Phishing Email Alerts
Catch of the Day: Email Account Misuse Phish
Chef’s Special: Virus Detected Phish
Examples of clever phish that made it past my spam filters and into my Inbox, or from clients, or reliable sources on the Internet.
I would be delighted to accept suspicious phishing examples from you. Please forward your email to email@example.com.
My intention is to provide a warning, examples of current phishing scams, related articles, and education about how these scams and exploits work, and how to detect them in your own inbox. If the pictures are too small or extend off the page, double-clicking on them will open them up in a photo viewer app.
Email Account Misuse Phish
This email makes it look like my email account has been hijacked.
The sending email is a close, typo-squatted spoof (1and1.co not .com) The email headers show the source as: Return-Path: <firstname.lastname@example.org> Received: from nvn.deadstock.ca ([220.127.116.11]). The sign-in link resolves to https://www.oldps1.com/status
.Here is the landing page:
Another day, another credential stealing exploit.
It’s good to know that your security stuff is really working. This alert came from my email host, the first of several layers of email defenses. I included this in the Phish Fry as an example of phishing types. This one would contain a fake purchase order as a document attachment.
Social engineering is at the heart of this attack, where scammers successfully tricked a town into redirecting not just one but several bank transfers.
Last month, the town of Peterborough, New Hampshire, put out a press release stating they were the victims of a Business Email Compromise (BEC) scam in July focused on tricking their finance department into changing banking details on payments intent on being made to the Contoocook Valley School District as well as a general contractor Beck and Bellucci.
Taking advantage of the “transparent nature of public sector work to identify the most valuable transactions and focus their actions on diverting those transfers,” the cybercriminals were able to redirect funds to scammer controlled bank accounts without raising any red flags with the town of Peterborough. It wasn’t until the ConVal School District called inquiring about their missing $1.2 million payment that the town was even aware of a problem.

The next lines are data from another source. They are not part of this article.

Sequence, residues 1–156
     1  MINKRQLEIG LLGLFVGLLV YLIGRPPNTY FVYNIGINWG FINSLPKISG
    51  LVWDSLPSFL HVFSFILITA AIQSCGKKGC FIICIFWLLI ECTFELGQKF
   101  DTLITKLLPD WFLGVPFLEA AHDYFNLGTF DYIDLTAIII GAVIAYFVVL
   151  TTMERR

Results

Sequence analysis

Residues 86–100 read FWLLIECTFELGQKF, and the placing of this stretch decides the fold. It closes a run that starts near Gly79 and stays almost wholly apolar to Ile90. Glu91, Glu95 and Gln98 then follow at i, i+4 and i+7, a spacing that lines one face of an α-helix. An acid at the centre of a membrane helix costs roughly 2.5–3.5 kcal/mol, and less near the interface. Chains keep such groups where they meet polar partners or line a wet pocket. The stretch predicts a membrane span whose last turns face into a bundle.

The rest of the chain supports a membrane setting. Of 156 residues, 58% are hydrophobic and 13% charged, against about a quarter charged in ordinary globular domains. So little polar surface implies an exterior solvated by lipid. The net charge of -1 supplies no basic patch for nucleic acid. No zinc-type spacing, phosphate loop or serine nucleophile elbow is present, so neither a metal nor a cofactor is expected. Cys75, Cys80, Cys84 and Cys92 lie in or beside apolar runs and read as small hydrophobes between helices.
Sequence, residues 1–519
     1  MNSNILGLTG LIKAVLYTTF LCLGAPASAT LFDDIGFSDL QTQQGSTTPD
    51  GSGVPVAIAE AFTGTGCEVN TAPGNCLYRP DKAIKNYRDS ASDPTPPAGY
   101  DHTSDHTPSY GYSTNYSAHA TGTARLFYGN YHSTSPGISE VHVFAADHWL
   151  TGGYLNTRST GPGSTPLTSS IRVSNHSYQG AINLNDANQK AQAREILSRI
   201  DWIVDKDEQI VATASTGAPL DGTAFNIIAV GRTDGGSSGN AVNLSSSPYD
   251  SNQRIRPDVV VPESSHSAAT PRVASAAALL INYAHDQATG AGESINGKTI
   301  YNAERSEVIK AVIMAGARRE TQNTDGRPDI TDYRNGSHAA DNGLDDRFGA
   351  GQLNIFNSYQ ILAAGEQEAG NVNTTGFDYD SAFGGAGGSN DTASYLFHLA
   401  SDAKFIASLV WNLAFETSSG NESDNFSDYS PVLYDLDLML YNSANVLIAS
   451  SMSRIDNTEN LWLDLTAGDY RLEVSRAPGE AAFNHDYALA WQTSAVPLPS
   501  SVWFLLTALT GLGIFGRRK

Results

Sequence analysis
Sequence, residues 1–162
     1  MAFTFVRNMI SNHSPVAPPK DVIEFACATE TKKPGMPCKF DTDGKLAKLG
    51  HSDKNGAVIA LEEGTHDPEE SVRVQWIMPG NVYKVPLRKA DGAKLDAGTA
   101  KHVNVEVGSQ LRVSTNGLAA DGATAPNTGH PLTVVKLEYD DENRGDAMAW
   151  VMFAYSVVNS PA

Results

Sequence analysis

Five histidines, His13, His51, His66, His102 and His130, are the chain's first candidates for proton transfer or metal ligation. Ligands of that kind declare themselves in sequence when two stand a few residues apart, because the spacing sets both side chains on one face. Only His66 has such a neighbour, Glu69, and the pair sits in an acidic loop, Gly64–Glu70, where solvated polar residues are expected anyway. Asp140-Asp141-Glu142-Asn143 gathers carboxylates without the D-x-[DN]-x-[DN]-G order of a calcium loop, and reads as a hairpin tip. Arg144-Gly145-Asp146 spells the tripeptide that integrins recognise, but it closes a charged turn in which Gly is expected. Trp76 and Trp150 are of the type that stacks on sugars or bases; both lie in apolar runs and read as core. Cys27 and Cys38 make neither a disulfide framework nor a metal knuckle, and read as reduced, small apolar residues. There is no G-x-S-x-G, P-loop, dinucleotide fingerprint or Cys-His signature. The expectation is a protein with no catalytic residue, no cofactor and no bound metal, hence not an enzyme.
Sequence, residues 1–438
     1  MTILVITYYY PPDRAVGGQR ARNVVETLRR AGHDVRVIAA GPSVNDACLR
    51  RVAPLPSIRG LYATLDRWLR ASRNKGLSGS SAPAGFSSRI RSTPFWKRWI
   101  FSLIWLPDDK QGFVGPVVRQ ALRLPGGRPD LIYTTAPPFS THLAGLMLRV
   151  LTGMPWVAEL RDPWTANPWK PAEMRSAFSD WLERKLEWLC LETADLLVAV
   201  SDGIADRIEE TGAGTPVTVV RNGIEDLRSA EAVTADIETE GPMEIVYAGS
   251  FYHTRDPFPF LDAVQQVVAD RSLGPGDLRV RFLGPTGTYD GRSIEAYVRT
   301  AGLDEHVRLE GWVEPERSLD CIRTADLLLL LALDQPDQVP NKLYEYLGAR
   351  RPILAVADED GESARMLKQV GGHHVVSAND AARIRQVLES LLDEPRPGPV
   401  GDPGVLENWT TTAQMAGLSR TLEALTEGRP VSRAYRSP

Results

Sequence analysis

As of the time of writing this article, the $2.3 million overall that was stolen had not been recovered.
This simple story of how social engineering is sometimes all it takes to become a victim is a stark warning for organizations that anyone involved with financial transactions should be taught to be vigilant when interacting with emails. Through security awareness training, stories like this could literally become a thing of the past – all it takes is a single user to recognize that something’s amiss and check the from email address, make a phone call to verify, something other than just unknowingly go along with the fraudulent request.
“Stop. Think. Connect.” Say those words aloud – and please pronounce the pauses prescribed by the periods!
The use of open redirects from legitimate domains makes phishing emails that much more believable and credible, obfuscating the dangerous nature of these attacks.
In the ongoing saga of attacks on Microsoft 365 users, security analysts at Microsoft recently announced a widespread attack that utilizes open redirects – a technique used in web development to point to the URL visitors of a website should be taken to once the initially-visited page is done processing the visit.